might overcome us. Justice functions best when the image of God is
restored in man through the work of the cross.
A common concern about the death penalty is that innocent people
might be put to death. This concern is based on the frequent mistakes of
modern courts. They often rely on dodgy witnesses and circumstantial
evidence when making decisions. Often new evidence comes to light that
proves an earlier decision wrong. Human systems of justice will always
Christians know that perfect justice is impossible here on earth, but
we also know that everyone will receive perfect justice on the last day
when we appear before God’s court. In this context, the death penalty
is not a cruel punishment, but a referral to a higher court that
provides perfect justice.
Human justice is never final, so judges in a biblical system of
justice can apply a much higher standard of proof than modern courts. A
person will only be convicted of a capital crime if there are three
independent, innocent witnesses. Convictions for murder will be rare, as
most murders will not be witnessed by three innocent people and
circumstantial evidence will not be allowable. Criminals will we
frequently escape justice while on earth, but they will still receive
their just deserts in eternity.
In a few rare cases, innocent people will receive the death penalty
due to miscarriage of justice. However, a person arriving at the last
judgement having paid the penalty for a murder committed by another
person will get a very sympathetic hearing. Jesus might say, “The same
thing happened to me”. Being referred to a higher court that provides
perfect justice will be better than being imprisoned for twenty years
for a crime you did not commit.
The adoption of all these principles will make the death penalty very
rare in a Christian society.
The Bible imposes a number of requirements that will make the death penalty vey rare. All of the following conditions must be met before the death penalty can be imposed.
The crime must have observed directly by two or three independent witnesses (Deut 19:15).
The witnesses must not have committed the crime they are testifying about. Adulterers cannot testify against adulterers.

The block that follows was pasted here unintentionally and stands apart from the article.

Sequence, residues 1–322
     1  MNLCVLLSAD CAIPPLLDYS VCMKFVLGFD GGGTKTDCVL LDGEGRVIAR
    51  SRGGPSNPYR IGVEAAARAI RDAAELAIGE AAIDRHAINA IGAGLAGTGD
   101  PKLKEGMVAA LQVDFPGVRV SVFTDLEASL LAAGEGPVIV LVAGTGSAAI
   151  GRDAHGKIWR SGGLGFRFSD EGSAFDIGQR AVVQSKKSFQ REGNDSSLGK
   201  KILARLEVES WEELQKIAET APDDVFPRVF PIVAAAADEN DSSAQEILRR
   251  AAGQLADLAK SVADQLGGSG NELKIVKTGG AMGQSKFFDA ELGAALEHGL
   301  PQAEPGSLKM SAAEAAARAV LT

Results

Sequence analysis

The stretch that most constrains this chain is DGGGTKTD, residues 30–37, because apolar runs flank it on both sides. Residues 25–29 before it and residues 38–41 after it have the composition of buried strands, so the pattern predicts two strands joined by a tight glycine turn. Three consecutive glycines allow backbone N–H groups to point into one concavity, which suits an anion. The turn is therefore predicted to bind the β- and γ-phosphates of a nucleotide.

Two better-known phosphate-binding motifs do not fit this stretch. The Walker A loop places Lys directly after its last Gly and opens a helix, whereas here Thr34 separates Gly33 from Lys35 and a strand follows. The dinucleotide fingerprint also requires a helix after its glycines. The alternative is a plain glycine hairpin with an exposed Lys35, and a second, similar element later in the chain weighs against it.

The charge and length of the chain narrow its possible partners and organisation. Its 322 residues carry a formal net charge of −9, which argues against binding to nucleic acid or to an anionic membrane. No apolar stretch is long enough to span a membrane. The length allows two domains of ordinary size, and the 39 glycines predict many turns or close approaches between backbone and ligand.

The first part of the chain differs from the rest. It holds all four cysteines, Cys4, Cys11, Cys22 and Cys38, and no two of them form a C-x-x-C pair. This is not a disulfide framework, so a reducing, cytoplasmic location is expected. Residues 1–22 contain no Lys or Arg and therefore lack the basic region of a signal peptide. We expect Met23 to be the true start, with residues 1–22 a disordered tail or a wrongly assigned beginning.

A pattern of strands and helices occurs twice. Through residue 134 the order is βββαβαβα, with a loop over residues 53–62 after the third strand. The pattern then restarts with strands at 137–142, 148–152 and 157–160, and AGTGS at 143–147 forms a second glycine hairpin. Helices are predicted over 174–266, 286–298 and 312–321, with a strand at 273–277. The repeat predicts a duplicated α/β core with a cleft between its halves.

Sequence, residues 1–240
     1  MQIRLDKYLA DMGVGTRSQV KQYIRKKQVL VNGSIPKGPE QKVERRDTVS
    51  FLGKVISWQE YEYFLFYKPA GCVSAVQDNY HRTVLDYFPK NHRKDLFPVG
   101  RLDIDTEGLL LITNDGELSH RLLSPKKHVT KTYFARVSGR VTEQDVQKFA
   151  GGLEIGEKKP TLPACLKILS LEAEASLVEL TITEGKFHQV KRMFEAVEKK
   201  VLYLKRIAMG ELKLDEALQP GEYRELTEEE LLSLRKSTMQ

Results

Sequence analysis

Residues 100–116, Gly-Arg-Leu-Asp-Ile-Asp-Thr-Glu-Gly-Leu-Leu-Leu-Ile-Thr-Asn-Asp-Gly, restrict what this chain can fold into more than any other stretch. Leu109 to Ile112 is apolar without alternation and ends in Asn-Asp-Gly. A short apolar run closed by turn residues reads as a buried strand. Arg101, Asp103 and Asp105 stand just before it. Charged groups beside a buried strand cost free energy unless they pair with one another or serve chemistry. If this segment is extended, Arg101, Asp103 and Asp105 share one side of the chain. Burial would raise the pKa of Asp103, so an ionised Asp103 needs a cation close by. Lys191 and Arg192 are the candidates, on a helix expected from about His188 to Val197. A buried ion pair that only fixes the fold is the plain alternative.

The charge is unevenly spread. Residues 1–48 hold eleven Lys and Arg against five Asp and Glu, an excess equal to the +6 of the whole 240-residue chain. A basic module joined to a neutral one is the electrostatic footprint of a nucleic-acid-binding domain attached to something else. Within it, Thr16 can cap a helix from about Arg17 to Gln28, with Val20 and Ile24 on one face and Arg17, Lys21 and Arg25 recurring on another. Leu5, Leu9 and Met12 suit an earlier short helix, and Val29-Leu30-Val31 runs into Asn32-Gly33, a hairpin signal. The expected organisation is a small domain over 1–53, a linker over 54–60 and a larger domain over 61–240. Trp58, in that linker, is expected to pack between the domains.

People with a record for violence cannot be witnesses to crimes of violence (John 8:7).
A young man cannot be given the death penalty, if his parents object. If they think that he is redeemable,
he must be given another chance. They would need to take responsibility for helping him change (Deut 21:18-21).
The victim’s family must agree to the death penalty. They will often refuse consent, because they will benefit more
if the murderer pays restitution. The rest of the community could only overall, if the murderer continued to be a threat.
The death penalty was only permissible in situation where protection of the community took priority over the compensation of
victim’s family (Num 35:31).
The death penalty can only be implemented, if the murderer criminal stays in his community.
Most murderers would flee their tribe or community to avoid punishment. There were no police force,
no prisons to retain criminals. There were no extraditions laws to get convicted criminals returned for sentence.
Fleeing criminals could escape justice, but they would cease to be a risk to their community, because they would be afraid to return.
The fleeing criminal would lose the protection and privileges that come through being part of a tribe or community. He might find it difficult to find another tribe or community to participate in and might end up living among other outlaws. This would be dangerous as someone might seek revenge by paying someone to kill him.
- When a society has become “hard of heart”, the community should stop imposing the death penalty in most situations, as excessive use the death penalty brutalises a society (Matt
19:8). It is better for crimes to go unpunished than for society to be become vicious and violent.
Most situations where the death penalty is imposed in America will fail to meet one of these conditions. If these conditions were imposed in America, the death penalty would almost disappear. The
Bible is much more merciful than American justice. People who assume that the Old Testament is harsh do not understand it.
The death penalty would generally only be applied for
particularly brutal murders. This demonstrates the holiness and mercy of
God. While his holiness demands serious penalties for serious sins, his
mercy has put in place a process that ensures many people do not receive
the full penalty that their crimes deserves. This does not matter, as
everyone will get full justice in the age to come. A society that become
harsh and applies the death penalty ruthlessly has forgotten the mercy